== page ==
A real estate sign advertising a new home for sale is pictured in Vienna, Virginia, outside of Washington, October 20, 2014.       REUTERS/Larry Downing/File Photo - RTX2MOVT
A real estate sign advertising a new home for sale is pictured in Vienna, Virginia, outside of Washington, October 20, 2014. REUTERS/Larry Downing/File Photo - RTX2MOVT

Home ownership is at its lowest rate in more than 50 years. For many, the "American Dream" of home ownership is out of reach. The Atlantic assistant editor Adrienne Green presents her Q&A with Tom Salomone, a real-estate agent in Coral Springs, Florida, who has witnessed the changes in the market over the course of his 40-year career. Salomone discusses how to help buyers find properties that they can actually afford. Here are a few excerpts.

I know oftentimes it can take viewing three or more houses to find the right fit when looking to buy a new house. What are some of the challenges of facilitating those transactions?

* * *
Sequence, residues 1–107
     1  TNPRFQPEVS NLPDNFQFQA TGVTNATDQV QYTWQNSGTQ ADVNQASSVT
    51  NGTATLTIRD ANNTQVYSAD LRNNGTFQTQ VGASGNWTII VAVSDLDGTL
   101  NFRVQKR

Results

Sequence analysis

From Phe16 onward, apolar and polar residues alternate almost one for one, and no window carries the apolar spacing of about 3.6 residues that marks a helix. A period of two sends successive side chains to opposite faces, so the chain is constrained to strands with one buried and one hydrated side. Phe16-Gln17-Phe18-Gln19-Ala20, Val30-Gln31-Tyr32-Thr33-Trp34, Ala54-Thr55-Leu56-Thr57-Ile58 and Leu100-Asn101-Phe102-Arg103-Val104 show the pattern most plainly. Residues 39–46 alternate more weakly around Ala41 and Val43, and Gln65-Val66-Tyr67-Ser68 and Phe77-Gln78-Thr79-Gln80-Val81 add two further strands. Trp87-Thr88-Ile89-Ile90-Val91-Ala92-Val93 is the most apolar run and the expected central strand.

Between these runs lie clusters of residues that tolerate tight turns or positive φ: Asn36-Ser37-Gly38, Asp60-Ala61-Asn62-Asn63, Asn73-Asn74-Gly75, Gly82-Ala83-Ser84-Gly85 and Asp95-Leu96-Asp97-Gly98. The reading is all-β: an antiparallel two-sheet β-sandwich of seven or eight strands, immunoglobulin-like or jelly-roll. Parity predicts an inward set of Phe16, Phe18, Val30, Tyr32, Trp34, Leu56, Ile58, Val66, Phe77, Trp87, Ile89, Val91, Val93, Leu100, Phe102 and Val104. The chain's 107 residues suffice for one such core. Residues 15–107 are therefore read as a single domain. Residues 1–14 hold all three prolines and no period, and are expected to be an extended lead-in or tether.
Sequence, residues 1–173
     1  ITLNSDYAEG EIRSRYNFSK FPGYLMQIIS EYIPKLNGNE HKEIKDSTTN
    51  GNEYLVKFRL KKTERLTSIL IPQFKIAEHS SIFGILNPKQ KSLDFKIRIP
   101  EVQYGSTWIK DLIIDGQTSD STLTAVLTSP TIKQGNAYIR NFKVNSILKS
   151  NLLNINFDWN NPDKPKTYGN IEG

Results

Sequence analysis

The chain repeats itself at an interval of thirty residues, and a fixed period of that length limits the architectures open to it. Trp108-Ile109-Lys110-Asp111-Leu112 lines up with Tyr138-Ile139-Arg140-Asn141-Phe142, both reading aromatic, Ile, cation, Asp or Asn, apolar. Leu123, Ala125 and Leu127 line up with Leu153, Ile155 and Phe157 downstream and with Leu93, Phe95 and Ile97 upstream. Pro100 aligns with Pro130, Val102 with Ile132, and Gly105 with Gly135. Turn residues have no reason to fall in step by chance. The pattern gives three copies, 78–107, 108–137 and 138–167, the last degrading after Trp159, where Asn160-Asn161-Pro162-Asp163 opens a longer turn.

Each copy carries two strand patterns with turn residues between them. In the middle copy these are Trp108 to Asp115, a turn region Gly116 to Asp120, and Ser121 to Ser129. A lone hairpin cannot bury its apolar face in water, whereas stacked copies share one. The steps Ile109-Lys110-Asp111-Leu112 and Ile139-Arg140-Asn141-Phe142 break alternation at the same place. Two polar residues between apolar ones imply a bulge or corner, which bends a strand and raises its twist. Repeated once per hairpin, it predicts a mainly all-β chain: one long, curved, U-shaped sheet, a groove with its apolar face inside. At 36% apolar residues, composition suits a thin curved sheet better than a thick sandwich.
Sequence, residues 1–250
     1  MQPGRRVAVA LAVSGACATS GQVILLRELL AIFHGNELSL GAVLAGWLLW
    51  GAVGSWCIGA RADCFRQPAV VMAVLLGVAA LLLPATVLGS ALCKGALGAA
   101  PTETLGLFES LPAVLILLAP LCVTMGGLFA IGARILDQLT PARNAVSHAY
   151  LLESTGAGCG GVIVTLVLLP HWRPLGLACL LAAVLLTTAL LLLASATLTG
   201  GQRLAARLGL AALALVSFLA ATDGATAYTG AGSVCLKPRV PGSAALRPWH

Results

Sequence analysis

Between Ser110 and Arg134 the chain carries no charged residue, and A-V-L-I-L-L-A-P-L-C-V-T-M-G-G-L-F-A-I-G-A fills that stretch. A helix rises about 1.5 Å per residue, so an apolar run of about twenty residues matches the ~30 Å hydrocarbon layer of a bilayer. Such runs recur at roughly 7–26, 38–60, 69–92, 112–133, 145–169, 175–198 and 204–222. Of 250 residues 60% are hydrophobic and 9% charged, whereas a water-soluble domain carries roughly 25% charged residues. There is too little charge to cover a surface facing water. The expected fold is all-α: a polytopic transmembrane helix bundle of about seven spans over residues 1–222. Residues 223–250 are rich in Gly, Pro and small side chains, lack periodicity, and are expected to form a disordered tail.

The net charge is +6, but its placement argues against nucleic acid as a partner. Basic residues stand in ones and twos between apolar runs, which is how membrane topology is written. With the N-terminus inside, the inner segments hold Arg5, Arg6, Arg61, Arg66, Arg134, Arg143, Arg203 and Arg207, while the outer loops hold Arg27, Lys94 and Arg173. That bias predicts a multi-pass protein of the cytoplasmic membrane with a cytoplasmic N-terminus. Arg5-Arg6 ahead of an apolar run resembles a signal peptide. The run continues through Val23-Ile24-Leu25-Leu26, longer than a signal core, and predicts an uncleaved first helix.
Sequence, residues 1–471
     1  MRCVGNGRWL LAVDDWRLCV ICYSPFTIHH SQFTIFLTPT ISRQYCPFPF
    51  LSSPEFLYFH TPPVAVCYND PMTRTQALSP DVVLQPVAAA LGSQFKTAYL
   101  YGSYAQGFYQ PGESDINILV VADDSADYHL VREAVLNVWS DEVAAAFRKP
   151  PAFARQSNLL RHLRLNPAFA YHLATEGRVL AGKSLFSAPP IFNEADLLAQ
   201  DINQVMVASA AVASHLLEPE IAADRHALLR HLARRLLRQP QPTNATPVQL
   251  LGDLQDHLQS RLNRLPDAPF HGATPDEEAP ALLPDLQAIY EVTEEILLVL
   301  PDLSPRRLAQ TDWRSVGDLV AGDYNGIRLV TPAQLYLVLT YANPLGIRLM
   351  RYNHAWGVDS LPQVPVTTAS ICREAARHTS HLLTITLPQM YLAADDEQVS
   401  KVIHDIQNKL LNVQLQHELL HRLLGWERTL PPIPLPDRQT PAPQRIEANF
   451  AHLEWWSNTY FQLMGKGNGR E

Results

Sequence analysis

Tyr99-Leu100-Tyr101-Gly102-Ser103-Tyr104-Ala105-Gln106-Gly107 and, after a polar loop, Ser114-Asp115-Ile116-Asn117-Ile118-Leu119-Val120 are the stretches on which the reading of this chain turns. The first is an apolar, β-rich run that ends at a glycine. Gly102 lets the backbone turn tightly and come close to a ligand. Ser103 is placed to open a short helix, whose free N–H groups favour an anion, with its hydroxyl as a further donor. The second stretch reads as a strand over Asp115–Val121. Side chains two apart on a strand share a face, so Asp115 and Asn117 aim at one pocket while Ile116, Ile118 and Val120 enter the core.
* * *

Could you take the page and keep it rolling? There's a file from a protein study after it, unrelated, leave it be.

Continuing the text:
I think from a seller’s standpoint the biggest challenge is making sure you have the property in a physical condition and a price point that's competitive in the marketplace. We all feel that what we have in life may be worth a little bit more than the market bears. From a buyer’s standpoint, you always have to distinguish between needs and wants. Some buyers are extremely realistic. Others may have more wants than what their real needs are. Those needs will sometimes dictate what they can afford from a mortgage standpoint, or how much cash they're working with or from their savings. There are challenges on each side. Eventually people will get to a point where the property is priced properly and the buyer will key in on the needs of their family.

Since you’ve been in the real-estate industry for more than 40 years, you’ve worked throughout the burst of the housing bubble and other economic crises. Did your business or clients experience any challenges during that time?

Yeah. The biggest change in the industry has been the financing aspect. With what happened in the crash, now banks are much more stringent. It's a different time as far as how people are qualified to obtain a mortgage to buy a property. The banks are much more careful in making loans to buyers.

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